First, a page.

A multimodal percept sensu strictu arises, whenever the central nervous system integrates simultaneous information of separate sensory modalities so that the resulting percept is qualitatively different from the sum of the properties of its components. A multimodal percept is thus contingent on the combined input of the involved modalities and absent when only a single component is present. A multimodal percept involves a concurrent larger, smaller or unique neural and/or behavioral response to multimodal vs. unimodal stimulation (Stein et al., 2014). This means that a multimodal percept can convey unique messages, a notion that is different from the “back-up” or “multiple-messages” concepts. This has important consequences for empirical work because some components when studied in isolation may be inadvertently dismissed as irrelevant in mate attraction or mate choice (Figure 1). In extremis unimodal experimental presentations can lead to false negatives, wrongly dismissing the ecological function and evolutionary importance of a particular sexual display. With this perspective paper our foremost aim is to raise awareness for multimodal perception in the context of mating signals by first reviewing how it is identified in human psychology and the neurosciences and then discuss selected candidate examples of similar phenomena in animals.
Multimodal Perception: Evidence From Psychophysical Studies in Humans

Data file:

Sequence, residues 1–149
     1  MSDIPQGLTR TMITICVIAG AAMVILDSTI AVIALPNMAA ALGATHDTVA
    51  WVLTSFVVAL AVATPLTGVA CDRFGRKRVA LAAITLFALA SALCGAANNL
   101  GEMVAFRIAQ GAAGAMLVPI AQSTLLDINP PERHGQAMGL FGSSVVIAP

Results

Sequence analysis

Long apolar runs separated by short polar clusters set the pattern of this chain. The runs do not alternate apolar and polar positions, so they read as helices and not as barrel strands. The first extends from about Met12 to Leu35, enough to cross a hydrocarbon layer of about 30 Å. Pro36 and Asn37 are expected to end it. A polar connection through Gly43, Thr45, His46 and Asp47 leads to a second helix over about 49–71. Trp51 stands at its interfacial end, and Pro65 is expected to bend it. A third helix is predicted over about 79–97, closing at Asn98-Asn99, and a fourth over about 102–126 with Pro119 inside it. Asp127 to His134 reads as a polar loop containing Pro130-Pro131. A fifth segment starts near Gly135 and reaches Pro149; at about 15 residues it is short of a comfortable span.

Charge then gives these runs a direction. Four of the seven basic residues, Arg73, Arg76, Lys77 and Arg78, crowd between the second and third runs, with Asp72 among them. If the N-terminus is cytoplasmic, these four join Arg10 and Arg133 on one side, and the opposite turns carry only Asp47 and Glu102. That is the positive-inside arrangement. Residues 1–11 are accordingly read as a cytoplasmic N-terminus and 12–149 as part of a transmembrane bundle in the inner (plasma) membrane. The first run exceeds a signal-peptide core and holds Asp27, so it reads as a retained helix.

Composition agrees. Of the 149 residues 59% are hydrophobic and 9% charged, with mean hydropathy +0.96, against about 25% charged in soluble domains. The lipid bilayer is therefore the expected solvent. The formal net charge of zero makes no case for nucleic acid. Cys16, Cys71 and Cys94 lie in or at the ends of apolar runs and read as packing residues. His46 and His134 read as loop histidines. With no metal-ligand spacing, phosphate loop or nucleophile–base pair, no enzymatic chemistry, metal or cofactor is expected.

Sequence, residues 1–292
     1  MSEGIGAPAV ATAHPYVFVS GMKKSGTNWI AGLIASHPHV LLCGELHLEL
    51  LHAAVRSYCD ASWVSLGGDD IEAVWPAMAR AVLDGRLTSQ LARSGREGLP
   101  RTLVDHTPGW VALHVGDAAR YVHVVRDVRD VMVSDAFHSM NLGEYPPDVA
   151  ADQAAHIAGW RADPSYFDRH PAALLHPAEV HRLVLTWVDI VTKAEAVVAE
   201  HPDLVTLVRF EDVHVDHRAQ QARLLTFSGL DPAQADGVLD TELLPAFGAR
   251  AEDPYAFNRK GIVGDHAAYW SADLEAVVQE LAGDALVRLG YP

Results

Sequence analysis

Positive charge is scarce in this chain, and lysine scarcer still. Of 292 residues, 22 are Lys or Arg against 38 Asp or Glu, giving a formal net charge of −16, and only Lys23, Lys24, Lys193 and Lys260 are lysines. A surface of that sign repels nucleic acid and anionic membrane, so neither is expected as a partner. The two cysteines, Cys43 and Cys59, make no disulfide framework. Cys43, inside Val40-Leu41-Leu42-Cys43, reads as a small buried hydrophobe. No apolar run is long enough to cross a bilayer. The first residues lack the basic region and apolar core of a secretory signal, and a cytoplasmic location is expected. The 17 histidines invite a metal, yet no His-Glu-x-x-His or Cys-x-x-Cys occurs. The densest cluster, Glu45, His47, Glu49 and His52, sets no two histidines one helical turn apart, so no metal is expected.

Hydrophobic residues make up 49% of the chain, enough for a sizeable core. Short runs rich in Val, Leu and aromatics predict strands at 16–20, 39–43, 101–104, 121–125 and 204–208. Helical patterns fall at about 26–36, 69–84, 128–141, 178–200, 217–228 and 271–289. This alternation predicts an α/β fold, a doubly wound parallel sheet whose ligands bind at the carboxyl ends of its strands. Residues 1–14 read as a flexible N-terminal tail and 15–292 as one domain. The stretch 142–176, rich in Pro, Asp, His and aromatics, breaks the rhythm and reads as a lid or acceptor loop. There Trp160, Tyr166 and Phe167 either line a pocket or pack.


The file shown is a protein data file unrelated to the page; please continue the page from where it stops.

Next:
Multisensory processing in humans is evident in daily life and perhaps best illustrated by multisensory illusions (Shams et al., 2000). For example, in the double-flash illusion, subjects will perceive two visual light flashes during the presentation of a single flash if the latter is accompanied by two quick repetitions of a sound. The illusion demonstrates that auditory information can alter the perception of visual information and that the information from the two modalities is combined to one percept. The double-flash illusion exemplifies the process of cross-sensory integration (also referred to as “perceptual or sensory binding,” see Box 1). Ventriloquist effects on the other hand demonstrate how visual modifies auditory information (Stein, 2012). If concurrent audio and visual cues come from different locations (= conflicting spatial information) the visual dominates the auditory cue. Puppeteers use this effect when speaking with unmoving lips while simultaneously moving the puppet's mouth, leaving the audience with the impression that this is the source of the sound. Another striking example of multisensory integration in speech perception is the McGurk-effect (McGurk and Macdonald, 1976). Mismatching lip movements during speech production can alter what subjects hear: for example when human subjects see a video of a person's face articulating the syllables “ga-ga-ga” while hearing a person saying “ba-ba-ba,” most native speakers of American English will report hearing “da-da-da.” The simultaneous presentation of mismatched visual and auditory speech cues that provide ambiguous information can lead to a novel percept that is different from the physical properties of the two original stimuli—the visual information changes what subjects are hearing (McGurk and Macdonald, 1976). These phenomena result from the process of perceptual binding, which is the capacity to group different stimuli as belonging to the same source (see Box 1). Cues that arrive from the same direction, or at similar time intervals likely belong together and are thus grouped as such (Stein, 2012).